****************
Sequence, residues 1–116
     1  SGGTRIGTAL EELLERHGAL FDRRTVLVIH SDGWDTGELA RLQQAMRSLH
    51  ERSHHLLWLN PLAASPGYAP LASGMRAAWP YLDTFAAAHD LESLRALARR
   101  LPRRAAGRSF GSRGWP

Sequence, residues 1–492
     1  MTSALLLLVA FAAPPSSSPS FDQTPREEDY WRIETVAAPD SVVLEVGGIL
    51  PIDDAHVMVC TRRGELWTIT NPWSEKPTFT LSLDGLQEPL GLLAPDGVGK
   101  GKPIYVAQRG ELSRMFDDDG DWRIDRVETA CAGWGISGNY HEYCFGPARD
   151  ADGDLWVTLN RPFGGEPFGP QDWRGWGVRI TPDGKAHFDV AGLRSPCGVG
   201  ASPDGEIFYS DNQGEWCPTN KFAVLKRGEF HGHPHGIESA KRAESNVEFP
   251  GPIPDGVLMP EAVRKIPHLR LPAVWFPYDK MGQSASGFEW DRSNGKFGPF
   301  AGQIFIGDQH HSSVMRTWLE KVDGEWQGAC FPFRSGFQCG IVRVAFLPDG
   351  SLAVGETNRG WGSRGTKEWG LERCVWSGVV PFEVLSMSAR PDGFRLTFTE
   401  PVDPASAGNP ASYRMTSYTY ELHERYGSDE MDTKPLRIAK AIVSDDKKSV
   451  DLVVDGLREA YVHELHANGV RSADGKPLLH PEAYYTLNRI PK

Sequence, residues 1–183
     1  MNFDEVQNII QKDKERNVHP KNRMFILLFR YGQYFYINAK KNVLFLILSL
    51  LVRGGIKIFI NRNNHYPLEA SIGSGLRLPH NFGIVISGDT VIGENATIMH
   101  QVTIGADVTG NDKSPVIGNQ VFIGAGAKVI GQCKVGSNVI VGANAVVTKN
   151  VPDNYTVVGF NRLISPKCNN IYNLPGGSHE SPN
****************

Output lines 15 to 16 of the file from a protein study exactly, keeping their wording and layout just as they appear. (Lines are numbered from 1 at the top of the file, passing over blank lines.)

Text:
   451  DLVVDGLREA YVHELHANGV RSADGKPLLH PEAYYTLNRI PK

Sequence, residues 1–183